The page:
The educational careers of high-aspiring working-class British Pakistani women

Dar, Aqsa (2014). The educational careers of high-aspiring working-class British Pakistani women. PhD thesis The Open University.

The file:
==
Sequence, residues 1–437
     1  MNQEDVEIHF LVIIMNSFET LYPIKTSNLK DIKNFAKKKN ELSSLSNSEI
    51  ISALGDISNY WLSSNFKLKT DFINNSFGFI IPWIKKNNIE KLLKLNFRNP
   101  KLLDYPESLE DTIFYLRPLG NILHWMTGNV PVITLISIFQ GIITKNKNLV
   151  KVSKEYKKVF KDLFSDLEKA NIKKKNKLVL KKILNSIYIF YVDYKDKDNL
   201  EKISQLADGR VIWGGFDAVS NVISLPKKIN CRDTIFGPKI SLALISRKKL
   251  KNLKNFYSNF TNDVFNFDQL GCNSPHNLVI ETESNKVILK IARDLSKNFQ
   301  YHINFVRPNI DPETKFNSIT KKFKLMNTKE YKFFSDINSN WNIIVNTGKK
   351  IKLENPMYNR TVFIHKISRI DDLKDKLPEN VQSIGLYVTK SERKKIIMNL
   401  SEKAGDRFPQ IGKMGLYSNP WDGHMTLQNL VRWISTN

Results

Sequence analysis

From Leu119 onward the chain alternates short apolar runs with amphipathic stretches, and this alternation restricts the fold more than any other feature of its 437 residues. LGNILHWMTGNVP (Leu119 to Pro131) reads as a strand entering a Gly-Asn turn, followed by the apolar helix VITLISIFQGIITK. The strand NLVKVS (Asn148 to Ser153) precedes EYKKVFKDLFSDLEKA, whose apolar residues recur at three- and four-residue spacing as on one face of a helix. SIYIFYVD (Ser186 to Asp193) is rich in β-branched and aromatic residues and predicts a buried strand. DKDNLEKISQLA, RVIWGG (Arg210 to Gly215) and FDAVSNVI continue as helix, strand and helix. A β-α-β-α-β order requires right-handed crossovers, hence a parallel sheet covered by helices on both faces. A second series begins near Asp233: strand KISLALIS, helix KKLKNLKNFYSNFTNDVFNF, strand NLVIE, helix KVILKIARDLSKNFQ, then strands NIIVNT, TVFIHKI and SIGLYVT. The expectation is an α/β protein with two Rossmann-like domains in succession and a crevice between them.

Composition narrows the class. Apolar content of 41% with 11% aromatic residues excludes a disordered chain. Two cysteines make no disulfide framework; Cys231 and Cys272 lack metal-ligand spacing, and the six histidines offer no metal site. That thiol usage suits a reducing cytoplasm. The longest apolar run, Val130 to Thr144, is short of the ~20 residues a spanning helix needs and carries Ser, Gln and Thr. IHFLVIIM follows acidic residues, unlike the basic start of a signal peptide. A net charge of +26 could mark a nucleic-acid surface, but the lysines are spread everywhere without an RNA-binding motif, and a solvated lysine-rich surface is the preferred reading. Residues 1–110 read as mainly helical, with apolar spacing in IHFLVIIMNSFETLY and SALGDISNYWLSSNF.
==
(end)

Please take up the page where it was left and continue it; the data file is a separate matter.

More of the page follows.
This research is concerned with the barriers and opportunities experienced by working class British Pakistani women who aspired to higher education and to obtaining professional jobs. It examines the career trajectories of nine second generation British Pakistani women who were born in a working class area of a former textile town in the north of England. These women pursued educational qualifications as the means to acquire new knowledge and experiences and in order to secure higher status jobs. This is in marked contrast to the traditional trajectory which they saw other British Pakistani women following, of marrying and having children soon after leaving school. My informants viewed a career outside the home as affording advantages in terms of personal and social development, family pride and economic rewards. While, at the time of the research, some of them were still caught up in 'making themselves' in terms of their careers, others had already secured professional jobs. The women in this study reflect on changing ideas about British Pakistani womanhood, their educational routes to social mobility, and the effects of problematic perceptions of Pakistani Muslims in schools and workplaces. In this thesis I explore the kinds of cultural capital relevant to their careers, the obstacles they faced, and how they negotiated these. I conducted in-depth biographical interviews using a qualitative approach that was designed to be culturally sensitive, revealing how relationships with parents, siblings, peers, neighbours, teachers and colleagues, as well as local contexts and opportunities, feature in informants' lives. The study is a contribution to the small but growing literature that sets out to understand social mobility through qualitative research methods, exploring the processes involved. It also illuminates the life stories of a specific group of British Pakistani women at a particular time in their community's history.

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